Now that we've taken a look at SEC players in the offseason spotlight at their respective schools, we noticed that there are a few quarterbacks in this league that have a lot to prove in 2013.
This spring will be crucial for the quarterback position in the SEC, and strong performances now could pave the way to more success this fall. That also means that average performances could cause some coaches to worry about the most important position on the field.
First, you have Jeff Driskel at Florida. The rising junior had a very up-and-down sophomore campaign with the Gators, averaging just 137.2 yards per game and throwing 12 touchdowns to five interceptions. He also passed for less than 100 yards in four games last season. Driskel is a very gifted athlete, and showcased some great moves with his legs, but if Florida's offense is going to get any better in 2013, Driskel has to become a better passer. He has to be more confident and he has to develop better chemistry and rhythm with his receivers. He also has to come out of his shell and be more of a vocal leader, especially with a very thin/young receiving corps to work with.
You also have Missouri's James Franklin, who went from having a breakout sophomore season in the Tigers' final year in the Big 12 in 2011 to barely getting through his first go-round in the SEC. Franklin was one of the nation's best dual-threat quarterbacks in 2011, but injuries to his shoulder, head and knee kept him from being much of a threat to run for the majority of the year. It didn't help that his offensive line was constantly banged up as well. Franklin threw for just 1,562 yards with 10 touchdowns and seven interceptions. He also rushed for just 122 yards. He has some competition to work with this spring with Corbin Berkstresser and Maty Mauk returning. Franklin has to regain some of the confidence he lost last season and prove he's still the guy under center for Mizzou.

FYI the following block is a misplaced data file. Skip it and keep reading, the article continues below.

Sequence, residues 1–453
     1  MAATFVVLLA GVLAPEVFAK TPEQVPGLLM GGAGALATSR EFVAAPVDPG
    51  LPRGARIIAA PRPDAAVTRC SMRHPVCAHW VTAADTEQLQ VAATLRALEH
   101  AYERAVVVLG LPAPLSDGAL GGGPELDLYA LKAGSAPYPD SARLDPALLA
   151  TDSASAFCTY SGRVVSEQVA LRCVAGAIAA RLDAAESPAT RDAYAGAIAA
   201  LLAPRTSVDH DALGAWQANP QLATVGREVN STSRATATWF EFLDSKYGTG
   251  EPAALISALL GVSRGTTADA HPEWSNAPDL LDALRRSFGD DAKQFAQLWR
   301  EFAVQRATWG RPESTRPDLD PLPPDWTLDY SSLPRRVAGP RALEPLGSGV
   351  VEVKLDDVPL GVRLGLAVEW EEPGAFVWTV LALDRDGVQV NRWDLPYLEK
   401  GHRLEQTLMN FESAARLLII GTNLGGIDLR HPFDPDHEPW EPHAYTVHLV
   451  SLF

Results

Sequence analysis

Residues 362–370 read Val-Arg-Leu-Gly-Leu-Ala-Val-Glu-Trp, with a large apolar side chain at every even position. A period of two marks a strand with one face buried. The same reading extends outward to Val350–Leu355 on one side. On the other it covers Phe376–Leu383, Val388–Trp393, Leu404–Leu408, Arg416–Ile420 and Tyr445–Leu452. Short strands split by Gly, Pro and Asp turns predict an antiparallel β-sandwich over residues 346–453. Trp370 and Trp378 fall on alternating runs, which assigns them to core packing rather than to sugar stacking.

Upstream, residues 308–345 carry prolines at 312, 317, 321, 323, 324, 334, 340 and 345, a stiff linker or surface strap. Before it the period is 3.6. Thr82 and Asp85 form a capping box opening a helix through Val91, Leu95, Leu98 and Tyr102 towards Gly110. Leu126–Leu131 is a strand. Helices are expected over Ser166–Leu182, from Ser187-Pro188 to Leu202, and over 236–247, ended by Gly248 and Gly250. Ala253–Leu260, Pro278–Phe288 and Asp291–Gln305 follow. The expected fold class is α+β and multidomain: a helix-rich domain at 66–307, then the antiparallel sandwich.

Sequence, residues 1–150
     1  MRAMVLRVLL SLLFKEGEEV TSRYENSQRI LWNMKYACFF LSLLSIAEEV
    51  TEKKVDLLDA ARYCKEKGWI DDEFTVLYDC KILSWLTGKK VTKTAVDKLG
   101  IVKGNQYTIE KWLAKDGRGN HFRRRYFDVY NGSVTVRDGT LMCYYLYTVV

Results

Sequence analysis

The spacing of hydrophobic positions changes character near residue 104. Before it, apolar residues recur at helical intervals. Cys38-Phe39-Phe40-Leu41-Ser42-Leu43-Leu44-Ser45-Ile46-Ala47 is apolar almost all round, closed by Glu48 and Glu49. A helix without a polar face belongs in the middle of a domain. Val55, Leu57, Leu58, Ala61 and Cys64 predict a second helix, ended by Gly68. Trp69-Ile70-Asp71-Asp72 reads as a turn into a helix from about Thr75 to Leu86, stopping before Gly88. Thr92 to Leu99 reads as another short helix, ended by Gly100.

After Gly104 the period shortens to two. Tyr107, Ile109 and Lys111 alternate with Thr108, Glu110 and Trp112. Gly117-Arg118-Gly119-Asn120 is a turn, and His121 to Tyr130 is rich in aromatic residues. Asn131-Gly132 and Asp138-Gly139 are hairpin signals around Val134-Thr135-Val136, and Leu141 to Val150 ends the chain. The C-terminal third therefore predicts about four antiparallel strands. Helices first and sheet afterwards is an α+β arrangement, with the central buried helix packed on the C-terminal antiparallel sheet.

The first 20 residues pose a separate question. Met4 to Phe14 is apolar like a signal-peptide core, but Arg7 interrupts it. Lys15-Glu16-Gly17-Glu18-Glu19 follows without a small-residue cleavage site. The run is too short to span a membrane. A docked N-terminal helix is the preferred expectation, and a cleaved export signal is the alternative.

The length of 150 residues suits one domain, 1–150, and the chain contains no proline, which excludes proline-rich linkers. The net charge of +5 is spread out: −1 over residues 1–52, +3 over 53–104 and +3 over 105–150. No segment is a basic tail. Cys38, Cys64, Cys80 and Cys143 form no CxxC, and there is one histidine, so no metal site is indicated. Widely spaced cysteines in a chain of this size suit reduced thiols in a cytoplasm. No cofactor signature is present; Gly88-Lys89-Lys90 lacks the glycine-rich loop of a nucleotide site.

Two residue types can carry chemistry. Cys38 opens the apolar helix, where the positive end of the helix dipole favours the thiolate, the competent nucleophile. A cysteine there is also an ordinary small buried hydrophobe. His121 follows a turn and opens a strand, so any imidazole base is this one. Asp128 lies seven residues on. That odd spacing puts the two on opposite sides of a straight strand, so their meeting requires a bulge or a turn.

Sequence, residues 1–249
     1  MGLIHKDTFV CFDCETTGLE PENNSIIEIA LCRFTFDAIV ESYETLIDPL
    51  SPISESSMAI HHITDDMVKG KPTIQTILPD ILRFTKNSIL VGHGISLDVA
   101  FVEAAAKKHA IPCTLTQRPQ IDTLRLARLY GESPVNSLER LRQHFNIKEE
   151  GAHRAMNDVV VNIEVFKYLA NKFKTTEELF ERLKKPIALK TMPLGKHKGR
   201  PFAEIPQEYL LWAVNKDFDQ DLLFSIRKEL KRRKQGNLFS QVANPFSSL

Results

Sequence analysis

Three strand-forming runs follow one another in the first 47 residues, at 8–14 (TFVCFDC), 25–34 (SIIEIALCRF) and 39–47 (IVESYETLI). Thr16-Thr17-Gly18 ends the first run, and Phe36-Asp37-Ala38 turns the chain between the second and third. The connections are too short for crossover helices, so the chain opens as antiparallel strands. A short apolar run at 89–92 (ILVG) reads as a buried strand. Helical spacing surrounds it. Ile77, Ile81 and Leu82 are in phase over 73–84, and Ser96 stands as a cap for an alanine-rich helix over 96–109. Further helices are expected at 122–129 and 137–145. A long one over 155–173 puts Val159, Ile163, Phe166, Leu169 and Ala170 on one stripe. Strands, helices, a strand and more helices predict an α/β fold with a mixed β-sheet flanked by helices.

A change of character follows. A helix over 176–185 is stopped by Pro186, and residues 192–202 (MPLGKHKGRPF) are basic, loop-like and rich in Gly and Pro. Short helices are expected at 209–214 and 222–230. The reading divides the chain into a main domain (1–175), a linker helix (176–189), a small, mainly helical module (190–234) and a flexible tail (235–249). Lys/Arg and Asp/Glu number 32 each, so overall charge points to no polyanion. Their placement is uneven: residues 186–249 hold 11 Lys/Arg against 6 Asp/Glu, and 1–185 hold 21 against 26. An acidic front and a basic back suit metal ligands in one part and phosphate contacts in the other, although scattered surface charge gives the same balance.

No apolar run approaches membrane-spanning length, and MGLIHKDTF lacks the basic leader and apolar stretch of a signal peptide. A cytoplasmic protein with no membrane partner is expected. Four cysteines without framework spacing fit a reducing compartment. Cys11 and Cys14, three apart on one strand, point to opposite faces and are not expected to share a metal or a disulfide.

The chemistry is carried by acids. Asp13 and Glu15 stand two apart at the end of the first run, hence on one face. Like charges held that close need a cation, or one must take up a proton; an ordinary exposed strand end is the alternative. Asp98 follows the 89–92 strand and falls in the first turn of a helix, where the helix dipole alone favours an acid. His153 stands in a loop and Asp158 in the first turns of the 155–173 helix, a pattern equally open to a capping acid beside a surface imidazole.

Auburn's Kiehl Frazier didn't take kindly to Scott Loeffler's pro-style offense last year, and his play suffered greatly because of it. He lost his starting spot and watched as true freshman Jonathan Wallace ended the season as the Tigers' starter. Frazier fits new coach Gus Malzahn's offense very well, and he was even recruited by Malzahn to Auburn. This is a chance for Frazier to start over, but it really is now or never for Frazier. He'll have to fight off Wallace this spring before Nick Marshall and Jeremy Johnson arrive this summer.
LSU's Zach Mettenberger enjoyed a strong month of November last season. He showed a lot of progress during the final month of the regular season, and the staff is hoping that carries over to the spring. Mettenberger will be accompanied by all of his top receiving targets from last year, so that should help the two parties develop even better timing and chemistry. And the addition of new offensive coordinator Cam Cameron should help his development as well. But if Mettenberger doesn't take any steps forward, it could really hurt this team because there is no SEC experience behind him at the quarterback spot. Mettenberger has to show that he can be more like the November QB who suited up for the Tigers from here on out.
Then, there's Tennessee's Justin Worley. He served as Tyler Bray's backup the past two seasons, and has passed for 738 yards with one touchdown and five interceptions in his career. Bray is now gone, so it's Worley's time to take charge of the Vols' offense. He'll compete with redshirt freshman Nathan Peterman this spring before freshmen Joshua Dobbs and Riley Ferguson arrive this summer. This is the most important spring for Worley, and he can't afford to slip, or he could fall on the Vols' depth chart.